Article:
Young women have shared their safe and unsafe experiences at different locations in Melbourne on an interactive map, and now researchers are using the data to make the city more secure.
Child rights organisation Plan International launched the online interactive map Free to Be late last year, and over the last three months more than 1300 locations across Melbourne have been added by women aged 15 to 30, with comments on how safe and welcome the spaces made them feel.
The experiment gave young women and girls an "alternate way to document their experiences in their own way and own voice", senior lecturer in architecture at Monash University Nicole Kalms told BuzzFeed News.
"People could mark the place with a red sad face or a green happy face, and that language was important because it wasn't about saying 'this is a shit space of sexual assault' and making women feel even more scared," Kalms said.
"We know that sexual harassment isn't reported, and the map showed us that it happened not in these quintessentially dark alleyways but in public and busy places where there are lots of people."
The site with the most recorded incidents of sexual harassment was Flinders Street station, where multiple women reported having their backsides "spanked" by a stranger, another said a man grabbed her vagina and another said she was verbally assaulted.
"I was followed for a whole block by a man who told me to smile," wrote one woman, who had placed her map pin near the station.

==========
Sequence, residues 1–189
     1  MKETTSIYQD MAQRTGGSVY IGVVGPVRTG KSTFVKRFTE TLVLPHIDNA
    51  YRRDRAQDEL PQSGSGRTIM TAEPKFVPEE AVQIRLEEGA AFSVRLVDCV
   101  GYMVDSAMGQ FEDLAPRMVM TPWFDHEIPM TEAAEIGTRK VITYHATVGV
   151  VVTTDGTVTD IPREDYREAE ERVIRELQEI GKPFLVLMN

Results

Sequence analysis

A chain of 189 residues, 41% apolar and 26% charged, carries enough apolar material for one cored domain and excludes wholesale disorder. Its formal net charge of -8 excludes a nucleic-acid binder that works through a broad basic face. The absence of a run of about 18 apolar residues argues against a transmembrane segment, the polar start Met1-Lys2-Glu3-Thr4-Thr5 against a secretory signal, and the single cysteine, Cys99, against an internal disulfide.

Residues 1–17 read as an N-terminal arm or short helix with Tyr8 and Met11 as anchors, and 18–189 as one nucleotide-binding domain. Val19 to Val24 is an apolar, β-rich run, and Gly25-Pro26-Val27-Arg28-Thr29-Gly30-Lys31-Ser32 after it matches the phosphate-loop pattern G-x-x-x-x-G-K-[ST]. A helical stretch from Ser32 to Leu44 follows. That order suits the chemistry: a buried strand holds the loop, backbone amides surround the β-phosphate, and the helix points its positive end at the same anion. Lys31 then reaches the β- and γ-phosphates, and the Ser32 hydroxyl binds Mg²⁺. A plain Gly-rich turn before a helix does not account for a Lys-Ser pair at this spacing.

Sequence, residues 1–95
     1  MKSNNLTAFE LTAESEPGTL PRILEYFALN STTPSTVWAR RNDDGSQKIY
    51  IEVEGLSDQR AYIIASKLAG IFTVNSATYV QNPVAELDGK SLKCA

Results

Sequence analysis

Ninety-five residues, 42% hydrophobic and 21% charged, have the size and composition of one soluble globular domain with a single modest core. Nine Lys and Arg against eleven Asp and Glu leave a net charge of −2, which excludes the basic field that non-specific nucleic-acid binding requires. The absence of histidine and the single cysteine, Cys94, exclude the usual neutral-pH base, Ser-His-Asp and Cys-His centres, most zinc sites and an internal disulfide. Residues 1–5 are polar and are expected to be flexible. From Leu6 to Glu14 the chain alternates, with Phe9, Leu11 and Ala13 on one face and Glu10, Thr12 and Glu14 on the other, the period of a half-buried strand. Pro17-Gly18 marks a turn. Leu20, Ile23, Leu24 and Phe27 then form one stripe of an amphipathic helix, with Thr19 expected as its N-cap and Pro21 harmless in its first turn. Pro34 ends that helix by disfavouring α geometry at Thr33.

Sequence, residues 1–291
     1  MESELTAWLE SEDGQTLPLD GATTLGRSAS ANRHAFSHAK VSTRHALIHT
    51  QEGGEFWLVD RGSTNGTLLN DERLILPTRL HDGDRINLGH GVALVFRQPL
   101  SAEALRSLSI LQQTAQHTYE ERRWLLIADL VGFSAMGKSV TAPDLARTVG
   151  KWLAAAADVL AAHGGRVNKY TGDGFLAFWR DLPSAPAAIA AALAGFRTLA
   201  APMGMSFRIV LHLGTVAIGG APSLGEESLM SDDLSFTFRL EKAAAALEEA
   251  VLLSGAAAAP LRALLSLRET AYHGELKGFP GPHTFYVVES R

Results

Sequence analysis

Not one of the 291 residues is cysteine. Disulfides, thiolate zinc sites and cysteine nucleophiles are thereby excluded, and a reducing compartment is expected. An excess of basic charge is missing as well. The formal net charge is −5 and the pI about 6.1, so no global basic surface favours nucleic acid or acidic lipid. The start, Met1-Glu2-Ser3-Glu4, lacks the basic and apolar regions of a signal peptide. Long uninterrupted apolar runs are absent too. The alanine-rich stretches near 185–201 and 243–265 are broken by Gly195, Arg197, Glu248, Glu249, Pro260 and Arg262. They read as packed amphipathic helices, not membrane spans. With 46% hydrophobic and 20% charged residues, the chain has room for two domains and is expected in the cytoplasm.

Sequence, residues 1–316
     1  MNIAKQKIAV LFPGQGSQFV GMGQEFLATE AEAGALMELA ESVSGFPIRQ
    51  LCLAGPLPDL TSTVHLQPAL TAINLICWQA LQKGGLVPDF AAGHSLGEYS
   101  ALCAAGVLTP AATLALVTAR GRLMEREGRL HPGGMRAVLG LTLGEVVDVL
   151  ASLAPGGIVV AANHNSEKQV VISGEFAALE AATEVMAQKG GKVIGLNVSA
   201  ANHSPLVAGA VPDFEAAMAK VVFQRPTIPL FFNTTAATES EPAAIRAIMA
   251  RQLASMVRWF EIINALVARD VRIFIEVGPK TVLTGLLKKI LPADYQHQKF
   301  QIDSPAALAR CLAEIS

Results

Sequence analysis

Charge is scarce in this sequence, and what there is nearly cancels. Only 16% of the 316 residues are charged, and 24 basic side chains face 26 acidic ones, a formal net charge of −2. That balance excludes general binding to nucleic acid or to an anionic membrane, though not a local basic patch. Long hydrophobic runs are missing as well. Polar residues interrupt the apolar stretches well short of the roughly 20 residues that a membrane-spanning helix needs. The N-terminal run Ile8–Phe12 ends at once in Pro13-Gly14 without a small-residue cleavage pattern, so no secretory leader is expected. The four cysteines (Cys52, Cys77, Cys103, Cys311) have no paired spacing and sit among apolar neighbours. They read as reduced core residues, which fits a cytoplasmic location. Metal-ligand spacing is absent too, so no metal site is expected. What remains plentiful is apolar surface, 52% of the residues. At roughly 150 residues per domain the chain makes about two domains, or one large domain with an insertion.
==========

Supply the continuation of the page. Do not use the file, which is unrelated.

Many of the comments accompanying pins near public transport hubs described sexual harassment or assault on buses, trams and trains.
"I had a businessman get off at Flinders Street station after trying to reach his hand under my dress on a crowded train in the morning," one woman wrote.
"I didn't do anything because I couldn't believe it had actually happened on a crowded train in broad daylight."
Kalms said the current environmental solutions for women who experienced sexual assault on public transport were "problematic" and put the onus on women to be responsible for their own safety.
"We have these hilariously crap striped parts of platforms that say 'safety area' and then safety advice about not travelling at night or by yourself or making sure you're on the first carriage, and it all just constantly tells women they need to be responsible for their own safety," she said.
"With public transport you have a zillion people pushed up against each other and it is this hotbed of sexual harassment, and people capitalise on that proximity – and we have young girls traveling to school who are dealing with this."
Kalms is leading a new XYX Lab at Monash University, which aims to focus on the way space and design impacts on equity and access for women and girls in Melbourne's urban and public transport spaces.
The lab was launched on Sunday and will allow young women to co-design with architects, urban planners, public policy makers and social services providers to come up with solutions.
"We need to be educating stakeholders, public transport authorities and the general public about their responsibilities."